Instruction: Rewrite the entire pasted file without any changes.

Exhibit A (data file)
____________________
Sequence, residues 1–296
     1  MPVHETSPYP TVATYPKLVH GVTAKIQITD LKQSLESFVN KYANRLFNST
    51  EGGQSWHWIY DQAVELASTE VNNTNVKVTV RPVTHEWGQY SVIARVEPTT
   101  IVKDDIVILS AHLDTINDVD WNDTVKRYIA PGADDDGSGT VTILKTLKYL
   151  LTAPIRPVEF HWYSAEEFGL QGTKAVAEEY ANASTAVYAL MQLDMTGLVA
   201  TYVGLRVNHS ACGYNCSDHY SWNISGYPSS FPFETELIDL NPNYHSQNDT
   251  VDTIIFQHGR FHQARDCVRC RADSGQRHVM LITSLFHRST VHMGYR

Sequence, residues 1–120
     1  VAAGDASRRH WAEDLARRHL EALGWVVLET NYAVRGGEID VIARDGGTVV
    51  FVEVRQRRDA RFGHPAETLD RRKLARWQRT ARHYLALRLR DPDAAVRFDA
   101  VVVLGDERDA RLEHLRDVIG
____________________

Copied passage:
Sequence, residues 1–296
     1  MPVHETSPYP TVATYPKLVH GVTAKIQITD LKQSLESFVN KYANRLFNST
    51  EGGQSWHWIY DQAVELASTE VNNTNVKVTV RPVTHEWGQY SVIARVEPTT
   101  IVKDDIVILS AHLDTINDVD WNDTVKRYIA PGADDDGSGT VTILKTLKYL
   151  LTAPIRPVEF HWYSAEEFGL QGTKAVAEEY ANASTAVYAL MQLDMTGLVA
   201  TYVGLRVNHS ACGYNCSDHY SWNISGYPSS FPFETELIDL NPNYHSQNDT
   251  VDTIIFQHGR FHQARDCVRC RADSGQRHVM LITSLFHRST VHMGYR

Sequence, residues 1–120
     1  VAAGDASRRH WAEDLARRHL EALGWVVLET NYAVRGGEID VIARDGGTVV
    51  FVEVRQRRDA RFGHPAETLD RRKLARWQRT ARHYLALRLR DPDAAVRFDA
   101  VVVLGDERDA RLEHLRDVIG